Bush Plan Reins In Domestic Spending

Proposal Aims to Balance Budget And Fund Wars

Washington Post Staff Writers
Tuesday, February 6, 2007; Page A01

President Bush took aim yesterday at domestic spending as part of a plan to balance the budget in five years without raising taxes while increasing funding for the Iraq war and permanently expanding the military.

With the $2.9 trillion budget he submitted to Congress, Bush signaled he would attempt to squeeze spending on health care, education, housing and other domestic programs important to the Democratic majority for the duration of his term. Overall domestic spending would be held below the rate of inflation in the fiscal year that begins Oct. 1 and frozen thereafter.

The new Bush budget would also seek to reduce the rapid rate of growth in Medicare and Medicaid, trimming $101 billion from the two programs over the next five years by reducing payments to health-care providers and forcing wealthier seniors to pay more for physician services and prescription drug coverage. And it would provide additional funds for the Children's Health Insurance Program, but not enough to maintain the same enrollment over the next five years, according to independent analysts.

Bush said his plan would bolster national security while "keeping the economy strong with low taxes and keeping spending under control." But Democratic leaders, who will control the budget process for the first time since Bush took office, immediately denounced the plan as an irresponsible attempt to make costly tax cuts for the wealthy permanent and to finance the war by shortchanging children, the elderly and the nation's long-term fiscal health.

"It is disingenuous for the president to suggest cuts to Medicare and Medicaid that he knows the Congress will not support," said House Ways and Means Committee Chairman Charles B. Rangel (D-N.Y.). "It's not going to happen."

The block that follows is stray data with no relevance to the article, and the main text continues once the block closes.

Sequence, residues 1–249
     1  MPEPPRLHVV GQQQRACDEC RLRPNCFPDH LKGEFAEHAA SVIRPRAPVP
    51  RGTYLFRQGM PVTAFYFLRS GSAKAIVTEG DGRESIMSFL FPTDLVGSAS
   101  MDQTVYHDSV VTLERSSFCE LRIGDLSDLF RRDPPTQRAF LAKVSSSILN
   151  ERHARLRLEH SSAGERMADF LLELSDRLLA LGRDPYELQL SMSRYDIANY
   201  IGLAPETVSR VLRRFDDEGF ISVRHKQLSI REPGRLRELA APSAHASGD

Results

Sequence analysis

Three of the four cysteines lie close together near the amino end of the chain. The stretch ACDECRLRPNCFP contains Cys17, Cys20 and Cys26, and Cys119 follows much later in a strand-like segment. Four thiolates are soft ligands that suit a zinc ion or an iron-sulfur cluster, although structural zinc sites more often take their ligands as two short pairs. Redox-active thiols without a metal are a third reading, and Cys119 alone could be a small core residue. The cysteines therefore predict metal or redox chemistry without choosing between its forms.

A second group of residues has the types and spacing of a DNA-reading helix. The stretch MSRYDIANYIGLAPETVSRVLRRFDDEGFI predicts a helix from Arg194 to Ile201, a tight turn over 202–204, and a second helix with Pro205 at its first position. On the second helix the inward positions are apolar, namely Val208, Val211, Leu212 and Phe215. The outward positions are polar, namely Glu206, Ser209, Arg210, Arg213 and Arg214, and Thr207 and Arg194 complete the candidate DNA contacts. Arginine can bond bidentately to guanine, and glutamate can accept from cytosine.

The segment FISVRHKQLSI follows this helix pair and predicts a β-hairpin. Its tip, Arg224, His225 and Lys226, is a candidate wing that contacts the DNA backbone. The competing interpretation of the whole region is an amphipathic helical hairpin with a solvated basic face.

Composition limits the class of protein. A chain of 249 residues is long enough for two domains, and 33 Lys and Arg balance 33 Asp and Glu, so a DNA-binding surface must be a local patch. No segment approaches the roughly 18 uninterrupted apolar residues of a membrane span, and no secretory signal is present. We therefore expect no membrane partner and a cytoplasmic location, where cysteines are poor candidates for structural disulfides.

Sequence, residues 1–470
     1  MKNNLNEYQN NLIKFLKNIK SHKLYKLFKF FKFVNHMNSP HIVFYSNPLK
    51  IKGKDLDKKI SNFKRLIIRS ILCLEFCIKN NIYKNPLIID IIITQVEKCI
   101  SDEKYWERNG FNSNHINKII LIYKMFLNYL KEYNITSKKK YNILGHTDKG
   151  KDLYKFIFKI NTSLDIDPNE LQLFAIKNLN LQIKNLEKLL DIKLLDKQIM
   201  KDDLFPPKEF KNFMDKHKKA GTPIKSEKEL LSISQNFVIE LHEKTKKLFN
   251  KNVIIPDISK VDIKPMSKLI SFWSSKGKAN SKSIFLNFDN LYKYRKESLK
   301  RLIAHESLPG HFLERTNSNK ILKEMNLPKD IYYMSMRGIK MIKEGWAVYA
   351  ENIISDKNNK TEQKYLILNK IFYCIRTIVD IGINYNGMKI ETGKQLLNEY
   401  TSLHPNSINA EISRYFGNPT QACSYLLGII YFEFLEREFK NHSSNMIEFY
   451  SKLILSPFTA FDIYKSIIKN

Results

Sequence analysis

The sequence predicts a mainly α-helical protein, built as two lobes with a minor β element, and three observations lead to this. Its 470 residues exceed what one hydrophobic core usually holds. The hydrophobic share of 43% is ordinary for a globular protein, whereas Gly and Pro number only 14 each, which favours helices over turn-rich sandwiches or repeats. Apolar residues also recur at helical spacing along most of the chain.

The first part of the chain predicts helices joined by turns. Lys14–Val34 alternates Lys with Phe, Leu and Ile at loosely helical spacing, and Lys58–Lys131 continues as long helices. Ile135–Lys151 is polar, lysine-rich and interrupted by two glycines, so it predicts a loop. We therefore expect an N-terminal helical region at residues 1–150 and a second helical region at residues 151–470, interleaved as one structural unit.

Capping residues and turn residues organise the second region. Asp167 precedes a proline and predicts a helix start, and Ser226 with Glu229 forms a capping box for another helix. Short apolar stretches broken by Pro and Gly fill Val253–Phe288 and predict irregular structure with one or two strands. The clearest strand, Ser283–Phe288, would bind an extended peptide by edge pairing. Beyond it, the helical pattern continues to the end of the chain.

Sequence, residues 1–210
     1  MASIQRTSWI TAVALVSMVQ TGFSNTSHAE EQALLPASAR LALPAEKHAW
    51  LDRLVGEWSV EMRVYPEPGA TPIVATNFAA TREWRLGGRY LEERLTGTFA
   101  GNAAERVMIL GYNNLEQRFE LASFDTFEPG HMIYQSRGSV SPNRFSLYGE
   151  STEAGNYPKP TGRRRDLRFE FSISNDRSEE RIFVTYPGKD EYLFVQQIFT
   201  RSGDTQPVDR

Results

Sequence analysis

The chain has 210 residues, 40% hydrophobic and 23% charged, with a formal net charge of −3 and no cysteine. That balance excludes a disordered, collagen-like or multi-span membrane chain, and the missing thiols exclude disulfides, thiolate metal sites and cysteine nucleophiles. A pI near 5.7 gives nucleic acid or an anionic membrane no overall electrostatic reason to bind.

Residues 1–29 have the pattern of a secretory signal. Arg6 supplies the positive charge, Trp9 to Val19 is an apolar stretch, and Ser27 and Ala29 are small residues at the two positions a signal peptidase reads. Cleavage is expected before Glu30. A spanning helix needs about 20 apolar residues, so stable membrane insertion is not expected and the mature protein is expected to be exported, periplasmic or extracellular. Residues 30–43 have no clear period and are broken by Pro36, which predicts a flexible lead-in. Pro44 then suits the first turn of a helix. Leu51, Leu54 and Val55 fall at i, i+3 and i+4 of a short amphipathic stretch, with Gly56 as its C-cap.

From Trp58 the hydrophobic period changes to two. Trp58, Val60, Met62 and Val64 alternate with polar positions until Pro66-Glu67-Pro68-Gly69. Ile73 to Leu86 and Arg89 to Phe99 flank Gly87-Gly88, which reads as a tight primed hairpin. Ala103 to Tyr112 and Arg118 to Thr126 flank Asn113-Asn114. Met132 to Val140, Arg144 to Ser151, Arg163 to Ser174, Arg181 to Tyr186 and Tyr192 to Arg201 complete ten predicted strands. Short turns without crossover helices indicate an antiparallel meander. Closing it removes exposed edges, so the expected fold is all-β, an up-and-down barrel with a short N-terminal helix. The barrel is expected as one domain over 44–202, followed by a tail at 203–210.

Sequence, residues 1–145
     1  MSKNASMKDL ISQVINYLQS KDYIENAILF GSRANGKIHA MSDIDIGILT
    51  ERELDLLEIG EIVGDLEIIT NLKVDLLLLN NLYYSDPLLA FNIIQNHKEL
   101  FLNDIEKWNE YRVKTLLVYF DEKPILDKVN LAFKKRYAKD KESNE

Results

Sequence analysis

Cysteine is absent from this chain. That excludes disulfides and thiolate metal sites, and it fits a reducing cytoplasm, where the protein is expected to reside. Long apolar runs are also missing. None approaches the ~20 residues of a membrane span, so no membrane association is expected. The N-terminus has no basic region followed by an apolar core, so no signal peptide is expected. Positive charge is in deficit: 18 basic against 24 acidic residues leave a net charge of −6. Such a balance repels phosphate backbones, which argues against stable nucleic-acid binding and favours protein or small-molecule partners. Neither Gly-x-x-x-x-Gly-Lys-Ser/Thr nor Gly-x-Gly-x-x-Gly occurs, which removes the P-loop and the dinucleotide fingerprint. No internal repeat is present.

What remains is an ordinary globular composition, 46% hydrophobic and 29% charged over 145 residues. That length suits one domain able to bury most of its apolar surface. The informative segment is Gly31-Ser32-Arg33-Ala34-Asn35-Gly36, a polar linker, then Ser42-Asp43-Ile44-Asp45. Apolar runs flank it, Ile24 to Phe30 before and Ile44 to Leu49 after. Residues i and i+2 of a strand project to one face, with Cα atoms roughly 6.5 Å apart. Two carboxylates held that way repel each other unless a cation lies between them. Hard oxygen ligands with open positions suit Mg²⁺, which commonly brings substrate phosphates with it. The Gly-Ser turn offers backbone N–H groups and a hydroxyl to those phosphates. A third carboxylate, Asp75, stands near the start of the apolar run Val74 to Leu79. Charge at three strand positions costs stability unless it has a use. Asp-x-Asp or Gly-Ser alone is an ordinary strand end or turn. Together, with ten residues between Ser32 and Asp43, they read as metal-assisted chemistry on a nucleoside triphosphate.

Some Democrats also questioned the president's math, saying his budget plan relies on a series of rosy economic assumptions to transform the nation's $248 billion deficit into a $61 billion surplus by 2012. Even if the plan is successful, Democrats noted, the president would only be restoring the country's fiscal condition to the surplus he inherited when he took office in 2001.

"This budget is filled with debt and deception, disconnected from reality, and continues to move America in the wrong direction," said Senate Budget Committee Chairman Kent Conrad (D-N.D.).

While the spending blueprint met resistance from Democrats, it appeared to shore up the president's position with conservatives in his own party, who have been deeply unhappy with the growth of federal spending over the past six years. In comments to reporters yesterday, Bush emphasized his desire to reduce the number of congressional pork-barrel projects, known as earmarks, and acquire a line-term veto -- favorite initiatives of fiscal conservatives.

Extending Bush's first-term tax cuts, a collection of rate reductions and tax credits that has kept more than $1 trillion in taxpayers' pockets since 2001, would cost the Treasury an estimated $374 billion between 2008 and 2012, according to the administration. Most of the cuts are scheduled to expire in 2010.

Bush's advisers yesterday credited the tax cuts for the nation's healthy economy and said keeping them in place is essential to maintaining economic growth. A growing economy, in turn, they said, will continue to stimulate tax collections, making it possible to balance the budget even while paying increasing sums for the Iraq war.

White House budget director Rob Portman stressed that point in a briefing for reporters. "The cost of the war is reflected in the administration's deficit projections," he said. "In fact, there has been a $165 billion decrease in our deficit over the past two years, and that includes all of the war costs that we've incurred during that time."

Bush's proposed fiscal 2008 budget would provide another big boost in spending for the war and overall defense and diplomatic spending. The budget plan includes $623 billion for the military next year, including $141 billion for the wars in Iraq and Afghanistan and a $50 billion down payment on the president's plan to permanently increase the size of the armed forces by 92,000 over the next five years.

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